Berkeley pays out ‘precautionary cushion’ to shareholders in £1bn scheme

Berkeley Group will pay its shareholders a nearly half a billion pound windfall as it doubles the money it plans to return to investors.

Analysts said the house builder was trying to find a use for a giant rainy day fund it had built up during the political uncertainty which permeated last year.

Shareholders will get a £1 billion payout over the next two years under the new proposals, an increase of £455 million on past plans.

Berkeley will pay out £500 million in March this year and another £500 million a year later.

“It seems to us that the group had built up surplus cash at October 2019 (net cash £1,061 million) which was essentially precautionary, given the uncertainty prevalent at the time,” said Charlie Campbell an analyst at Liberum.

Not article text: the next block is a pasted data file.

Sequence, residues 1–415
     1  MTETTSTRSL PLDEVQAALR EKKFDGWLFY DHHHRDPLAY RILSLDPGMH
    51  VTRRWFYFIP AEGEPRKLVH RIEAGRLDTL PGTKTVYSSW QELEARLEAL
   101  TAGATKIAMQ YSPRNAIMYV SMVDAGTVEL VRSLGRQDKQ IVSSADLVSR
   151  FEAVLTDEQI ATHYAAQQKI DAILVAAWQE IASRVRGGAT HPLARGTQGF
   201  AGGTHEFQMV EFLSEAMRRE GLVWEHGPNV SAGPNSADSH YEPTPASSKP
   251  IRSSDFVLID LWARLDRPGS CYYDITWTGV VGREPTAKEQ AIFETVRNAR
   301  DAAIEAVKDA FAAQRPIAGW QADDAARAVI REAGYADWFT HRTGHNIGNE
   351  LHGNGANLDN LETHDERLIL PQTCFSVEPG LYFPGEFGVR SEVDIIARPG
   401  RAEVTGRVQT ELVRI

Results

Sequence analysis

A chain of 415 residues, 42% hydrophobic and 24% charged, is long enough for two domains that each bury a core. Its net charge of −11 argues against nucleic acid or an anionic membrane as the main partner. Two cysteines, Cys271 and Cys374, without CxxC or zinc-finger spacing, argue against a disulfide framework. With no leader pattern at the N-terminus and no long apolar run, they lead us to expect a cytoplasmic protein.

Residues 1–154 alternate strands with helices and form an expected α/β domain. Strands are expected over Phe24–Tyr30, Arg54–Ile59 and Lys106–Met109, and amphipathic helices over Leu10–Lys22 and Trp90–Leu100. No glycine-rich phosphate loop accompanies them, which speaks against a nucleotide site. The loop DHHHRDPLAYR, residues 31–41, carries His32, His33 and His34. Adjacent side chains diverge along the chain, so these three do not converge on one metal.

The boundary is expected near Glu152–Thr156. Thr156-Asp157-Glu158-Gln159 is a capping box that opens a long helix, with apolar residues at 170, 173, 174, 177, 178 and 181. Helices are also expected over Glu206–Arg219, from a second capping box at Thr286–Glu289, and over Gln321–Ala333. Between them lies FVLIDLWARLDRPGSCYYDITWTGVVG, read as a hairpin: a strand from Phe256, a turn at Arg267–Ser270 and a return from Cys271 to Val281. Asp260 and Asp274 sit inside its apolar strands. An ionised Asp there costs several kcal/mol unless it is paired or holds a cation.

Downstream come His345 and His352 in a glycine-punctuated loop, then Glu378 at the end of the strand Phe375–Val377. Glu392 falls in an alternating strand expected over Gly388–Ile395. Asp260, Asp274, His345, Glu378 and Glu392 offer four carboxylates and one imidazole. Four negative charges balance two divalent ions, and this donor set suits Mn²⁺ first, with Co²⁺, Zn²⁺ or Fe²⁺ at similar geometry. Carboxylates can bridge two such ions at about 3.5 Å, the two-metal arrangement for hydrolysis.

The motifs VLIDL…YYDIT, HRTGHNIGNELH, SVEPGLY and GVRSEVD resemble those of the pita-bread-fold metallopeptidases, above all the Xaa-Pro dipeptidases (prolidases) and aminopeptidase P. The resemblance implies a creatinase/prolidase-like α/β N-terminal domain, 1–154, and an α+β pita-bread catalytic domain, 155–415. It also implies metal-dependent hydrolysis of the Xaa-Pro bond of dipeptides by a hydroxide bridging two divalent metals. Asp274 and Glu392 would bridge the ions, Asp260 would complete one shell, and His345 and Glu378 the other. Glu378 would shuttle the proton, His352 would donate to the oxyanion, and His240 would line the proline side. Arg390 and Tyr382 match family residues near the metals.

“We believe that the right way to think about today’s surprise announcement is that this represents the return of a precautionary cushion that is no longer required and it does also signal improved confidence in the market.”

It comes as Berkeley starts work on a large pipeline of housing projects that it bought after the end of the financial crisis. Each project could take up to 30 years to complete and will bring around 1,000 to 5,000 homes.

The shareholder payout will make Berkeley a leader in the sector, according to analysts at Jefferies. They said that management clearly has confidence in the underlying business.

Shares rose about 5%, or 260p, to 5,446p after the announcement.

David Madden, an analyst at CMC Markets, sounded a note of caution.

He said: “The high-end house builder has plans to ramp up production plus delivery by 50% over the next six years, which seems ambitious given the UK property market seems to be off the boil.

“Personal debt levels are high and Brexit uncertainty persists, so a jump in production might not be met with higher demand.

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